A new form of ransomware is spoofing emails from the FBI in order to trick victims into downloading malware.
Researchers from Check Point have revealed the malware, known as “Black Rose Lucy”, is targeting Android devices in order to install threats that force users to pay out to unlock their device.
The ransom note goes a step further than typical messages by pretending to be from the FBI, displaying a browser message that accuses the victim of possessing pornographic content on their device.
Black Rose Lucy
Check Point says that it first detected Black Rose Lucy in September 2018, with the malware thought to have originated in Russia. It disguises itself as a harmless video player application, tricking the user into giving away administrative access to te device.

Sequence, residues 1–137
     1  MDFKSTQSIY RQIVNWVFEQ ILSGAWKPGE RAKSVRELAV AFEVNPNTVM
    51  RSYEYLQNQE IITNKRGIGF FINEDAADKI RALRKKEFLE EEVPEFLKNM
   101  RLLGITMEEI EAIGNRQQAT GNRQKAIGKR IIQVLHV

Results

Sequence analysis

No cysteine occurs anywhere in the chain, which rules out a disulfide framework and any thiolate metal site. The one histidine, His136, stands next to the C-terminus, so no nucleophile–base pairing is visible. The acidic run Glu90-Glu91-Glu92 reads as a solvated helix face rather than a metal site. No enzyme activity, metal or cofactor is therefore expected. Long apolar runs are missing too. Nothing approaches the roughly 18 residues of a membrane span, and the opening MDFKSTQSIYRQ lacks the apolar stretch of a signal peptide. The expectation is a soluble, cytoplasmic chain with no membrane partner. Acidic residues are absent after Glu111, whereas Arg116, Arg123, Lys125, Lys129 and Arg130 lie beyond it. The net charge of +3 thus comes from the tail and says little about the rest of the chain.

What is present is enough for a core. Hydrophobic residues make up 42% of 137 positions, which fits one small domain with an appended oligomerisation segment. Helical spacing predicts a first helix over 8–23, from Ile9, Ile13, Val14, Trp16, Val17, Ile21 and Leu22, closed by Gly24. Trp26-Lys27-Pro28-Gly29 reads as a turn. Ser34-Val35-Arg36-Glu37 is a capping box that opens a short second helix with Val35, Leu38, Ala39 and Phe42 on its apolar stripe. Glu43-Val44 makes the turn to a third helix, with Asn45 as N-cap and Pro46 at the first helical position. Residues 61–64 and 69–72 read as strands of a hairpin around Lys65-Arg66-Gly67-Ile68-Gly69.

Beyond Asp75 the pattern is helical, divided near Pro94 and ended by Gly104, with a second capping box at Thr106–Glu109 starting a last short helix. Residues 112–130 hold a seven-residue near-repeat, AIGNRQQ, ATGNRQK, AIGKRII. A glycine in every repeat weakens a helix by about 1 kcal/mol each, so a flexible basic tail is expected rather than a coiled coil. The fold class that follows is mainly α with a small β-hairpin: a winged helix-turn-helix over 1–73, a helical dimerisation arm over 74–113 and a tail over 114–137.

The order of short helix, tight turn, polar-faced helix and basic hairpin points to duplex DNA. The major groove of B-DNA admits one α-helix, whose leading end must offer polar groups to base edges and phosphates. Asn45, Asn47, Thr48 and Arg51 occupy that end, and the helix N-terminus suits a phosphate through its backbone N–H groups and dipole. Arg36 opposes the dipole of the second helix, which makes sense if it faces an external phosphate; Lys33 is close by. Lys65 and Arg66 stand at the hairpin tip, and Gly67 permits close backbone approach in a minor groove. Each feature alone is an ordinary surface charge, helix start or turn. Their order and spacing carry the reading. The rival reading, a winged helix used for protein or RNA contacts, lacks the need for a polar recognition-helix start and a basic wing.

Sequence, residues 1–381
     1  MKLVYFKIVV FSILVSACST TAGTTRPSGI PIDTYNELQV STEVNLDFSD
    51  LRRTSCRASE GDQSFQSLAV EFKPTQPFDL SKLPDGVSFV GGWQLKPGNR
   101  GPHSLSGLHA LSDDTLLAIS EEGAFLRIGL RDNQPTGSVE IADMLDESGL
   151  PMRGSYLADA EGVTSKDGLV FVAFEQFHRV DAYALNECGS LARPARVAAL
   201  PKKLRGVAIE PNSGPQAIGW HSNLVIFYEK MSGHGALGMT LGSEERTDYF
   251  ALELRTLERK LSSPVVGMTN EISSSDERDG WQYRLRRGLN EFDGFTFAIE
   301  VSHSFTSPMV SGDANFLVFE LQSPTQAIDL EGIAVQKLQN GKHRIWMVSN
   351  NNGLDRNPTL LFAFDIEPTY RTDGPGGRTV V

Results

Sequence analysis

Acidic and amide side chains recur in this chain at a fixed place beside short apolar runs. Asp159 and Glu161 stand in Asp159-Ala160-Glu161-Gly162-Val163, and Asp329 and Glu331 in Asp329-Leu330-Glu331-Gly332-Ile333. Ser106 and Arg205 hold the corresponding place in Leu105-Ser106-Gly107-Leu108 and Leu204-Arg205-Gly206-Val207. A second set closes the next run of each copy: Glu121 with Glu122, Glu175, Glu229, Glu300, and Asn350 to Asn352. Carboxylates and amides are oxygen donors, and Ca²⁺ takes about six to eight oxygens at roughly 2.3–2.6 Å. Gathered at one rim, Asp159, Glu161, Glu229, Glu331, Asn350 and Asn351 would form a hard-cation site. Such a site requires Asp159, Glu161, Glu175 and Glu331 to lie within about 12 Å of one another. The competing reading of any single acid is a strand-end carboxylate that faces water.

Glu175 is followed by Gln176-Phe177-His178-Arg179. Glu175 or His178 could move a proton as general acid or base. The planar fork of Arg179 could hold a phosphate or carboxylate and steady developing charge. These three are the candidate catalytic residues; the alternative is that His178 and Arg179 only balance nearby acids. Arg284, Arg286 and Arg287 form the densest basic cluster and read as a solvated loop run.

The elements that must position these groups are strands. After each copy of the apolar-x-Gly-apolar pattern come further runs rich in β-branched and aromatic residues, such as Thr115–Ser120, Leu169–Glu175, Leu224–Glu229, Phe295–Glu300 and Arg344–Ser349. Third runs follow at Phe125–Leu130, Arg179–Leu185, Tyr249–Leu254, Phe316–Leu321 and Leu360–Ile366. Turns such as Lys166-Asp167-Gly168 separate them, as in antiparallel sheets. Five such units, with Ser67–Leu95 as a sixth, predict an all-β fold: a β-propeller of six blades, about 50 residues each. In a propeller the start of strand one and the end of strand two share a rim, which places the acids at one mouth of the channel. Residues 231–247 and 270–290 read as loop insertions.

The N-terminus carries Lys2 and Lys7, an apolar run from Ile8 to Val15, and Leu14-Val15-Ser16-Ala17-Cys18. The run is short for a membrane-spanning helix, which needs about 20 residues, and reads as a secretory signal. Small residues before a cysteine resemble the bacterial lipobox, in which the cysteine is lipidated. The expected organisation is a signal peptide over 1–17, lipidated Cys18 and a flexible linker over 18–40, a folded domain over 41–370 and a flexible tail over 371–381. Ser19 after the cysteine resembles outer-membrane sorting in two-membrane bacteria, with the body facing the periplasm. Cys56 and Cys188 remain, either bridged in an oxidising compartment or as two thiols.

The malware’s message states that the user’s details have been uploaded to the FBI Cyber Crime Department’s Data Center, accompanied by a list of legal offenses that the user is accused of supposedly committing.
To make the situation “go away” and unencrypt their device, the victim is instructed to pay a $500 “fine”, although in a change to many ransomware scams, the payment needs to be made via credit card, not Bitcoin.
“We are seeing an evolution in mobile ransomware: it’s becoming more sophisticated and efficient,” noted Check Point Manager of Mobile Research, Aviran Hazum.
“Threat actors are learning fast, drawing from their experience of past campaigns, and the impersonation of a message from the FBI is a clear scare tactic. Sooner or later, we anticipate the mobile world will experience a major destructive ransomware attack. It’s a scary but very real possibility, and we urge everyone to think twice before clicking on anything to accept or enable functions while browsing videos on social media.”
Check Point recommends that users should install a security solution on their devices and only use official app stores in order to stay safe from such threats, as well as keeping their device’s OS and apps up to date at all times.